Improving the evidence base on journey time reliability on the Trunk Road Network in Scotland
5. Results from the survey of companies
5.1 Survey Conduct
In order to provide a snapshot of the views on reliability of companies and organisations using the Scottish Trunk Road Network, the survey proposed to contact approximately 80 companies by telephone, with the option of online completion for those too busy to reply there and then. Considerable efforts were made to establish telephone interviews, with much "ringing back" but in the end only one telephone interview was successfully conducted. However, several of those approached by phone agreed to complete the questionnaire online.
As part of the construction of a list of names/numbers to contact, a range of organisations that could broadly be described as 'trade bodies' were also approached. Some of these refused to provide individual contacts, but agreed to publicise the on-line survey in their newsletters (and the suchlike) provided to their members. Obviously, there was no control over the timing of those newsletters, and when to expect responses. There were a pleasing number of early responses, but then the rate of responses fell to virtually zero.
At that stage a total of 28 telephone or online responses had been received. As that was only about 40% of the agreed target, a market research company was engaged, which was able to buy in to a large pre-recruited panel. Pleasingly, after some negotiation, agreement was reached to specify a two-way matrix of desired respondents by location and industry sector. Panel members appearing to have managerial responsibilities within their company were favoured. Naturally, not all such grades were available over every combination of location and industrial sector, and there was no control over who would actually respond. In order to be sure of meeting the contractual minima specified, the market research firm chose a pessimistic projected response rate, taking into account that the questions were much more difficult than most that are posed to such panels. In the event, the panel members approach evidently found the questions to be of greater interest than projected, and so 139 responses resulted from this source alone. There were concerns that the respondents might not take the survey seriously, but these proved unfounded.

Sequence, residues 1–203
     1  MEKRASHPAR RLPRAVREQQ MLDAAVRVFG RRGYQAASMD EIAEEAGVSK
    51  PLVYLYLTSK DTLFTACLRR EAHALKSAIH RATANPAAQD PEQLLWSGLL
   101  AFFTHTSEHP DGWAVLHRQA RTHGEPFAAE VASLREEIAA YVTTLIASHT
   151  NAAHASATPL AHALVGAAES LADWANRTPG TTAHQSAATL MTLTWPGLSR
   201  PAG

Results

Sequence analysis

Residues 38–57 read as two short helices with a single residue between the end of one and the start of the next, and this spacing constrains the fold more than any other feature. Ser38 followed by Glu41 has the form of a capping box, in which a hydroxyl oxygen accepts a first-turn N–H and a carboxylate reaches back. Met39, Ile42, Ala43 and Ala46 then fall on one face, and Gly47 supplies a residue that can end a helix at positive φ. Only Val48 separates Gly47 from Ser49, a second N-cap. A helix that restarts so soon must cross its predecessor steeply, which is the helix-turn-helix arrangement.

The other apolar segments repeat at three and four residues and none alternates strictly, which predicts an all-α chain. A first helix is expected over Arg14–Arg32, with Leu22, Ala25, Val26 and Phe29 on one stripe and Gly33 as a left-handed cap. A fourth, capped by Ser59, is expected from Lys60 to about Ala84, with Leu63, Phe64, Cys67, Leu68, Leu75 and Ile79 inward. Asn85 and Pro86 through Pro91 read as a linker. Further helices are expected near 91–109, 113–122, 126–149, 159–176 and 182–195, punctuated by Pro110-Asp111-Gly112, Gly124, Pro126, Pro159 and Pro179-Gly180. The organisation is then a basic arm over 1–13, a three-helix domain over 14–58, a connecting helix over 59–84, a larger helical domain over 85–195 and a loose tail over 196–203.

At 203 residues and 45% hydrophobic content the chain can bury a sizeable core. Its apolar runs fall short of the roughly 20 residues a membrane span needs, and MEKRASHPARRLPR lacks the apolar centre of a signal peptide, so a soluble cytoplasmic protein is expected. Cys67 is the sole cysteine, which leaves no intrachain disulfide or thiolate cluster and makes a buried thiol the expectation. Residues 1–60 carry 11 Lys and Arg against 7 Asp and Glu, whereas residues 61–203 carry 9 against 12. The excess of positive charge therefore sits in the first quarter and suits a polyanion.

The total achieved sample size was therefore 167, all obtained between 05/03/14 and 12/05/14. There were two separate questionnaire designs. One was particularly tailored to the effects of unreliability on freight movements and 45 responses to this Freight (F) questionnaire were achieved. Of these, only 33 were judged to be sufficiently complete to be analysed. Only four of the freight respondents was actually a road haulier, i.e. engaged in third party 'hire & reward' work. Others answering the freight questionnaire were mainly those companies involved in 'shipping' (i.e. sending out) freight, either on 'own account' or via a road haulier. Some respondents were receivers of freight. Those respondents who had no significant freight movements to report completed the second, Non-Freight (or NF), questionnaire. This looked at impacts of unreliability on the organisations' staff and customers. It attracted 122 responses, of which 116 were judged to be sufficiently complete to take forward. The total useable sample, to both questionnaires, was therefore 149.
5.2 Results from the Freight (F) Survey.
The spread of Freight respondents over company 'sector', self-chosen as best describing their company's activities, is shown in Table 5.2.1. Almost a third (10) of the Freight respondents are Manufacturers. With another 5 involved in Energy or Construction, about half of the respondents are clearly involved in production. A further 3 companies report themselves as Food and Drink (but not Retail or Services) so they may also be producers. Four respondents are broadly involved with transport and distribution. Services, Retail, Financial and Creative/Digital account for 8 companies, leaving 3 Government respondents.